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Are more school districts taking a second look at National School Lunch Program participation and finding that they may be able to do better on their own?

Hmmmm…

A number of stories from around the country about schools bailing on the National School Lunch Program have recently come to our attention. The rationale for the move typically involves the costs of compliance with federal school meal mandates, costs that are thought to outweigh the benefits of the cash that comes with NSLP participation (the stories have focused on lunch but obviously these arguments go for other federal school meal programs as well).

Of course, the abandon ship option is much more palatable for schools/districts with minimal numbers of students qualifying for free or reduced price meals that must depend on cash sales for the bulk of their revenues. Most schools leaving NSLP say they will continue to provide subsidized meals for their low-income students out of their own pockets, using revenue increases they hope to generate from being able to develop their own menus. They also maintain they will continue to serve meals that are nutritious and healthful even though they may not strictly accord with federal NSLP standards.

There are no hard numbers yet on whether this is indeed a trend or merely an anecdotal blip. A School Nutrition Association survey of its membership last year found only a few districts pulling the trigger on NSLP withdrawal or even seriously considering it. Last fall, the USDA reported that only 524 out of about 100,000 NSLP participating schools opted out for the 2013-14 school year. That's about a half of one percent.

I wonder if that's as true today, though. In working on our K-12 Power Players feature last year as well as in talking with school nutrition professionals across the country on a regular basis, I've sensed a fair amount of frustration with the new school meal mandates. Directors almost universally remain committed to serving nutritious food to their young customers, but they want a little more flexibility than the feds are currently willing to offer. They don't like being forced to serve things that they know will only feed the trash cans and it doesn't help that the subsidy levels are in many cases inadequate to cover the increased cost of compliance.

This doesn't mean I expect a mass rush for the exits. There's a reason NSLP participation is nearly universal, especially among public schools. Districts with high levels of free/reduced price students have no realistic alternative to NSLP. And in a bad economy, more families qualify for federal assistance, swelling free/reduced rolls.

However, I wonder if a growing number of wealthier districts that have taken participation hits and/or heard complaints about the new requirements might not be reconsidering their NSLP participation. If government subsidies represent only a minimal part of your revenue flow but the accompanying mandates significantly affect your ability to grow the cash sales that are your program's primary revenue source, what would you do?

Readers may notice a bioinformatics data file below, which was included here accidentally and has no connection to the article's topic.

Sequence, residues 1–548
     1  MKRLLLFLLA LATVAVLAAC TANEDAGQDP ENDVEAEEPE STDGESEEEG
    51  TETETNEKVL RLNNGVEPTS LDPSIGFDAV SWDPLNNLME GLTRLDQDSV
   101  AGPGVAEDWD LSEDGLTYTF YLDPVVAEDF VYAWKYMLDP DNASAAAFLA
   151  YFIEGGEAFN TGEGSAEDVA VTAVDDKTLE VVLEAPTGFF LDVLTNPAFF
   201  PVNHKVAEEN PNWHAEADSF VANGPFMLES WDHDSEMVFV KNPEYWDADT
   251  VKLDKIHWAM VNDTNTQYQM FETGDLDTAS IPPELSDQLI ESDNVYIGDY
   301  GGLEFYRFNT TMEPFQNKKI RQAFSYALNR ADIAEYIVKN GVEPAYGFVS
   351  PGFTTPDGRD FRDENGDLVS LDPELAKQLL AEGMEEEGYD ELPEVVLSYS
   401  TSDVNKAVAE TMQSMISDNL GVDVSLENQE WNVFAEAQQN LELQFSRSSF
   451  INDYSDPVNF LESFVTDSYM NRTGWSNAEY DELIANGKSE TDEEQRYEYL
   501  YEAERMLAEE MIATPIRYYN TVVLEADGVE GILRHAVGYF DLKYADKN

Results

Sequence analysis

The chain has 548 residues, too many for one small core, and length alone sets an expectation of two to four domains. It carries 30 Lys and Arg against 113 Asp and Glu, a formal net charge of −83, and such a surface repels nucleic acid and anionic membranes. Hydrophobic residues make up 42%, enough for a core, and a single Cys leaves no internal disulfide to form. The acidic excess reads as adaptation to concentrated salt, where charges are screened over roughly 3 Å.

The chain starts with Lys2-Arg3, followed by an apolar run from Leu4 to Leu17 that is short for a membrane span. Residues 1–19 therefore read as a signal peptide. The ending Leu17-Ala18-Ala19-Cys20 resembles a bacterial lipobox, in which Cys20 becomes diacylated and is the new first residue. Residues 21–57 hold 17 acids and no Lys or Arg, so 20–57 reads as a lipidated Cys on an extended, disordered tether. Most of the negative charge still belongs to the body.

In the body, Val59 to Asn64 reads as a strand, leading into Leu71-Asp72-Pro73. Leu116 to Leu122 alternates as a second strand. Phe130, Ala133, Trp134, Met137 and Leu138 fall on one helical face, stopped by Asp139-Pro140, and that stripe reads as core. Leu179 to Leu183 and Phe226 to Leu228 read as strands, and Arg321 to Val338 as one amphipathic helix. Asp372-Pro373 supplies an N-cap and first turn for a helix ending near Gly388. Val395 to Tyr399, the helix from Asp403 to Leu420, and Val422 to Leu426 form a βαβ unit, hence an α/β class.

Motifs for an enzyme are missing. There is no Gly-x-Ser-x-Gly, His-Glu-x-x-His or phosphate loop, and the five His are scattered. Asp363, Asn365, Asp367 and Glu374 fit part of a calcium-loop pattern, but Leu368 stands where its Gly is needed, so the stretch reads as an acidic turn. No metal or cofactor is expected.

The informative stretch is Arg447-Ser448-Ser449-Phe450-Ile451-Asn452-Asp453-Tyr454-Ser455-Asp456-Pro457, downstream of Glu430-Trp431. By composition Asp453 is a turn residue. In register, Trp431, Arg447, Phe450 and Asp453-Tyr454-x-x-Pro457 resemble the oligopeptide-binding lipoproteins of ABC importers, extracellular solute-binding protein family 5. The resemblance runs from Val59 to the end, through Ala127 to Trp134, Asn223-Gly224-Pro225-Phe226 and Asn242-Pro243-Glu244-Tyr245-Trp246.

The trend, if it is one, raises a number of interesting questions. Among them:
Where is the cutoff point for dropping NSLP participation? Is it a free/reduced percentage under 10%? Under 20%? Higher? And will this move higher in the future if frustration grows, participation levels continue to decline and go-your-own-way best practices start to emerge.

Will districts begin to split their participation, breaking off their wealthier school sites from the program while leaving the rest to receive the federal subsidies (and live with the mandates). And if they do, how will this play locally?

• In schools/districts that break off from NSLP and continue to subsidize their low-income students out of revenues generated from cash sales, will there be a backlash from parents of cash students, especially those just over the subsidy cutoff point, resenting having to pay higher prices to subsidize other parents' kids.

• Will a significant wave of NSLP cancellations prompt Congress or USDA to modify some of the more controversial aspects of the Healthy Hunger-Free Kids Act?

How far will schools and districts designing their own menus go to appeal to kids? How much nutritional compromise will there be appetite for? Will there be a slippery slope?

Is this trend an opportunity or a setback for contract management firms looking to add K-12 clients? In recent years, contractors have gotten a lot of mileage out of making a case for professional management of school meal programs in an era of increasingly complex mandates. If schools can design their own programs, that argument is moot. However, a new case can be made that programs and practices developed and tested by contractors can give a district a sound meal program outside NSLP guidelines that still balances sound nutrition and kid appeal.

I am interested to hear from our readers in the school nutrition community about this issue. Please email me at mike.buzalka@penton.com with any feedback, or leave a message in the comment section below.
 

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Mike Buzalka

Mike Buzalka is executive features editor of Food Management and has served the magazine in this capacity since 1998. Before that, he was executive editor of The Foodservice..
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